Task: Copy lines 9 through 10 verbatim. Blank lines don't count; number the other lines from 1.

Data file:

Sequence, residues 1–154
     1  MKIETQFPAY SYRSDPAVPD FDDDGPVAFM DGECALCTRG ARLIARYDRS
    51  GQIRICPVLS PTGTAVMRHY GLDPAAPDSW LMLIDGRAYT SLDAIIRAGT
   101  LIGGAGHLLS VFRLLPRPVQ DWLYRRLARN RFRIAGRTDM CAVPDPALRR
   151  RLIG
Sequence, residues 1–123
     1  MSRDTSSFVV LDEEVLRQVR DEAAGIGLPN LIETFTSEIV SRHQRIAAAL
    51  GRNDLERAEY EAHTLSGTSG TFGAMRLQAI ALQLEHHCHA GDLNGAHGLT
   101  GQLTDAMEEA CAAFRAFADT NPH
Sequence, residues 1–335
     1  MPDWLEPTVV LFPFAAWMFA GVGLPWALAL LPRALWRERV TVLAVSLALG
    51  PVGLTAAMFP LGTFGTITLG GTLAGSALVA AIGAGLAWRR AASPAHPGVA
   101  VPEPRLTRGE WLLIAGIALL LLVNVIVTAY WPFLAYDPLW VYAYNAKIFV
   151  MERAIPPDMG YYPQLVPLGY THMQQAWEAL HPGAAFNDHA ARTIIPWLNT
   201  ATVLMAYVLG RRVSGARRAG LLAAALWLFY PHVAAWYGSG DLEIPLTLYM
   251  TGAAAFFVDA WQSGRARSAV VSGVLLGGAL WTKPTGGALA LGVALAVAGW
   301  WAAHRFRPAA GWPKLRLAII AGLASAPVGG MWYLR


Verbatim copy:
   101  GQLTDAMEEA CAAFRAFADT NPH
Sequence, residues 1–335